Viral Advertising: Because movies don’t sell themselves.

There was no viral advertising when I was a kid. Movies were advertised for their content. Television spots would tempt you with high adventure. I remember a trailer for the first Indiana Jones movie, Raiders of the Lost Ark. The advertising basically outlined the entire plot of the film so that you the viewer, might know exactly why this movies was going to be exciting (and worth your cash at the box office). “Audiences pack theaters today to answer a burning question, not to see a great movie.”

Now advertising doesn’t show you anything. Take Cloverfield for example. The cryptic trailers and viral web marketing didn’t reveal anything about the movie at all. Audiences pack theaters today to answer a burning question, not to see a great movie. Cloverfield didn’t really need a monster at all to tell a great story, so I’m not sure what all the secrecy was really about.

JJ Abrams has a way of grabbing your attention with the fantastic and then taking the opportunity to show you the importance of the mundane. I suppose if Cloverfield had been advertised as a movie about the importance of human connections and the emotional risks of mixing friendship with romance, fewer people would have obsessed over the film.

In case you haven’t been paying attention to LOST for the past four years, that’s exactly what Abrams does. The nature of the island and the truth about “the black smoke” are in the end, unimportant. Now that LOST has your attention, Abrams can tell you a story about human relationships. Where characters came from and what they do, determines how others perceive them. I think LOST could have been sold without the monsters, mysteries, and the others. I had no idea when I first started watching it that those things were part of the story. I thought I was just watching a TV series version of Cast-away.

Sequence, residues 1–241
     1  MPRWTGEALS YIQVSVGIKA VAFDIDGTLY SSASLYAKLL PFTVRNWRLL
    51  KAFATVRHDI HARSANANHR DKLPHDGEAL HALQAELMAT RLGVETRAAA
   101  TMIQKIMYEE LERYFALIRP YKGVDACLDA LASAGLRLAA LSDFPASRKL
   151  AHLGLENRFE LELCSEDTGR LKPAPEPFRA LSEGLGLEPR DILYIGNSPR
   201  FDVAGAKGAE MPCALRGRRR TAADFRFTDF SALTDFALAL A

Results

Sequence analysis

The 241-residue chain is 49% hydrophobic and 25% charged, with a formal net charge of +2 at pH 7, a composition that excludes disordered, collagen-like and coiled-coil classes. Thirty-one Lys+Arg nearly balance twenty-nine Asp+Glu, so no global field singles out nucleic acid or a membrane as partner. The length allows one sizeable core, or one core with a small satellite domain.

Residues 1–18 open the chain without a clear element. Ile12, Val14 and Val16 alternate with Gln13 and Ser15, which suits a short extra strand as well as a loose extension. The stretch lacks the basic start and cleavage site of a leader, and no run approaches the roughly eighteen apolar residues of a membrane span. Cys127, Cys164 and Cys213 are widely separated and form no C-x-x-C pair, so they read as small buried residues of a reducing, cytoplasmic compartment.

M. Knight Shyamalan is another producer/director who shows you very little to arouse your curiosity. I’m not sure any Shyamalan film has really delivered on the promise great story telling the way The Sixth Sense did. That film was essentially advertised with the single phrase “I See Dead people” whispered by a young Haley Joel Osment. Nobody ever thought to describe the film in terms of Bruce Willis’ character. But then again I suppose that would have given away the surprise ending, right?

Do todays films really have what it takes to sell themselves without viral advertising? Or, are gimmicks and clever mis-direction a reflection of their content? Could you tell somebody what a modern film was REALLY about and expect them to be excited about seeing the film in theaters? I highly doubt it.

I would like to see films advertised on their own merits. It works for films with low expectations, why not for the movies which generate a lot of hype?

"I'm not a scientist … but I play one on the Internet." Formerly a graphic designer whose "pen & ink sensibilities" have become obsolete in a pixel based profession. A child of early 1970's science fiction — a life long fan of all the rockets, robots, and rayguns who inspire our dreams of life in an uncertain future.